"Having some guys on the staff that have been head coaches before, having some guys on the staff that maybe have filled that role in -- like he did as an interim, I think it gives them pretty good perspective," Franklin said. "And we saw a team that day played really hard, played with great passion (Penn State won 62-24 but the game was tied 17-17 at half). And from what I understand from the people I talked to, that's why he got the job, is he was very well thought of from the players, very well liked, very well respected. And that's what they needed at that time.

"So all the people that I've talked to and all the background checks that I've done, that's what's come up on him. And during the interview, it's a guy that comes in and has a presence and has command of the room, and then a guy that obviously has the detailed and specific understanding of the fundamentals and the techniques that are going to allow our guys to be successful at the very highest level.

"On top of that, you're talking about a guy that's going to be able to build confidence. The fact that he played the position, I think, helps. It's not mandatory, but I do think it helps. It really does. We didn't make the plays that we'd been making. And we dropped too many balls. And there's a lot of factors that go into that. There's not one responsibility or answer for that; there's a number of them."

It will be a tall order for Penn State and Parker to return to the kind of spectacular catches and plays of the 2016 and 2017 seasons, but any improvement on the overall receiving unit in 2019 could yield big dividends during a season that will have plenty of early question marks.

Finally, a change not made was the final headline of Penn State's busy month as special teams coordinator Phil Galiano was not let go, effectively announcing his return for another year after a mistake-prone unit blundered its way through the year.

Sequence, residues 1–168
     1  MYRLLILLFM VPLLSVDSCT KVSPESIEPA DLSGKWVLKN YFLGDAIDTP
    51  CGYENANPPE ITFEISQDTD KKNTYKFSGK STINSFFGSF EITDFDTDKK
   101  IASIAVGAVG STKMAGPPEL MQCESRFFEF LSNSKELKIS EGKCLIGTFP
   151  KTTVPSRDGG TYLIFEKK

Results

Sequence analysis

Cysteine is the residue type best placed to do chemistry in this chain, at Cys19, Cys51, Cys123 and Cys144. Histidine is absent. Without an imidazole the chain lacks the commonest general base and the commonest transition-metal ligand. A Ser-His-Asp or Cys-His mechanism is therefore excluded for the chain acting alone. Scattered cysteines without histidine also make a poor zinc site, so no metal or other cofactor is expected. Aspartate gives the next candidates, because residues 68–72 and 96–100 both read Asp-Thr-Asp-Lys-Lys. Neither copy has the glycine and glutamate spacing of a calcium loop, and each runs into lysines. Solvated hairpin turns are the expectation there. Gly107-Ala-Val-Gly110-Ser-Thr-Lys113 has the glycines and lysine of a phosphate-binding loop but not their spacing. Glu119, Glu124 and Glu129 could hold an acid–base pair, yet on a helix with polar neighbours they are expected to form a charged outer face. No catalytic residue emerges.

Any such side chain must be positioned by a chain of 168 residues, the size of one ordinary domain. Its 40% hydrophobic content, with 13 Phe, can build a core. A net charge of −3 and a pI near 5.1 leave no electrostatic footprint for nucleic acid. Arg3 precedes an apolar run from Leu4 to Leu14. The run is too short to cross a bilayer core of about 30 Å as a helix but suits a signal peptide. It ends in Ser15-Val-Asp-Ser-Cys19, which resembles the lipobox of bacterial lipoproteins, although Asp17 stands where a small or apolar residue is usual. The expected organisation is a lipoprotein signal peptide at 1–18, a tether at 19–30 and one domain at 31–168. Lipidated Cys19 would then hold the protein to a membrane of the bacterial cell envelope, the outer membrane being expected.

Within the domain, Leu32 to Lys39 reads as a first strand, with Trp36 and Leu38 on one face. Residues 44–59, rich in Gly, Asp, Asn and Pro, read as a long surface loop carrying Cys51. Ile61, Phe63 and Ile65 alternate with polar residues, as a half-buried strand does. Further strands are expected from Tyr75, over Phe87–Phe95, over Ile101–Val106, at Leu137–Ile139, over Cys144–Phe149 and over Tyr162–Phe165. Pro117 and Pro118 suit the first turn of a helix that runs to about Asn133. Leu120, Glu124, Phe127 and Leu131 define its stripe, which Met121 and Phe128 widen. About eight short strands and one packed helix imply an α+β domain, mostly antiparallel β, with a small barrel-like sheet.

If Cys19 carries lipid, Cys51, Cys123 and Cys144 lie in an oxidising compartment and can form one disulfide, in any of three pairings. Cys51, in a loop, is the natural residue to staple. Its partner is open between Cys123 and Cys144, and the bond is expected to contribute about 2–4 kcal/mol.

Of course not all mistakes are the result of coaching, nor do all coaches have their careers defined by their first year on the job. Whatever the case might be, Franklin won't be moving on from Galiano this offseason.

"I have tremendous confidence in all of our coaches," Franklin said, "in all of our coaches based on their experience, based on their background. And for me, I don't make decisions just based on one area. It's a body of work. It's how are they with the players. It's how are they in terms of the staff. It's in terms of development of the individual players. It's in development of the scheme. It's in production on game day. It's in organization and practice. It's the type of role model they are for our players. It's all of it.

"And for me it always comes down to is this the right thing to do for our program long term? And is the investment that we're making, are we going to get a return on that investment and how long are we going to have to wait for that return on that investment?

"Some guys, guys are going to walk in and there's going to be an immediate impact. And some guys it's going to take a little bit more time. And I get that. And I understand that. But I'm a big believer that the men that we come to work with every single day, and that's our players and that's the coaches and that's all of us. And so that's where we're at at this point with our staff and with our players."

It remains to be seen how long Galiano's rope is, especially if the unit brings its struggles into 2019, but for now the staff is set and only time will tell how a critical month of decisions pan out.



Ben Jones covers Penn State football and basketball for StateCollege.com. He's on Twitter as @Ben_Jones88.